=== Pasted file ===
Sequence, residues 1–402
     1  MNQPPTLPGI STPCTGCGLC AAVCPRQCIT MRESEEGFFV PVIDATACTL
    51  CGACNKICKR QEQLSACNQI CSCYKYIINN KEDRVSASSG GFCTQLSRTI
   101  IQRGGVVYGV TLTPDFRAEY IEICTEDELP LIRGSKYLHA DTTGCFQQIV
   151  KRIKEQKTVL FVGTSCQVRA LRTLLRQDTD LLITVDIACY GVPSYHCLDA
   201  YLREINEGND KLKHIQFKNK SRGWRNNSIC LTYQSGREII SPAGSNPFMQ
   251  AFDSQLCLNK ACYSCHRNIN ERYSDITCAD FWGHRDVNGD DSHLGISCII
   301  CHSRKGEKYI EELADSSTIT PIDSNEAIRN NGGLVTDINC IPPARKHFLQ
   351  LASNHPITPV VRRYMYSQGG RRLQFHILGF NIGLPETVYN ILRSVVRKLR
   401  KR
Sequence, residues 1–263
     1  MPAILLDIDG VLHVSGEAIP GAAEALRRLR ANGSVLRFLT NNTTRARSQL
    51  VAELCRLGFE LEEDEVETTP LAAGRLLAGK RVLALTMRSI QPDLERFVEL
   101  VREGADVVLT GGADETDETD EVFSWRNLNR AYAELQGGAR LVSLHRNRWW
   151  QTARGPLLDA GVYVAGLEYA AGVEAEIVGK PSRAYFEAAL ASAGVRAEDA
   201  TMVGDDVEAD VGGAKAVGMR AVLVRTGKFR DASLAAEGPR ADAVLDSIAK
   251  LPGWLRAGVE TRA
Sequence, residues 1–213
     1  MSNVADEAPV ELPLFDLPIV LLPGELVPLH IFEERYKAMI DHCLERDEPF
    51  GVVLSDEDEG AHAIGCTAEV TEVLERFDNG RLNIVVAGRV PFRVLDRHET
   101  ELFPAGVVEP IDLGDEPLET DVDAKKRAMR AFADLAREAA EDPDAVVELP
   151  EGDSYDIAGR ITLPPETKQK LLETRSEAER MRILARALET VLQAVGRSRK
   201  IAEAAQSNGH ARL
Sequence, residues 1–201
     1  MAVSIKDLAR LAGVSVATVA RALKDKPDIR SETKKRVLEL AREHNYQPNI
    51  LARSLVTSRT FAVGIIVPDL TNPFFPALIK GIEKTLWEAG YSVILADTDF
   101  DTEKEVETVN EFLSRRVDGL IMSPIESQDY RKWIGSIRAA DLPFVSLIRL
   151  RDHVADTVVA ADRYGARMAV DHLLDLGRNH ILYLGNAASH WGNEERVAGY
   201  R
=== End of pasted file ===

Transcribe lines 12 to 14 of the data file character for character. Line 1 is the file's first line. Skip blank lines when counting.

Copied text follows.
     1  MPAILLDIDG VLHVSGEAIP GAAEALRRLR ANGSVLRFLT NNTTRARSQL
    51  VAELCRLGFE LEEDEVETTP LAAGRLLAGK RVLALTMRSI QPDLERFVEL
   101  VREGADVVLT GGADETDETD EVFSWRNLNR AYAELQGGAR LVSLHRNRWW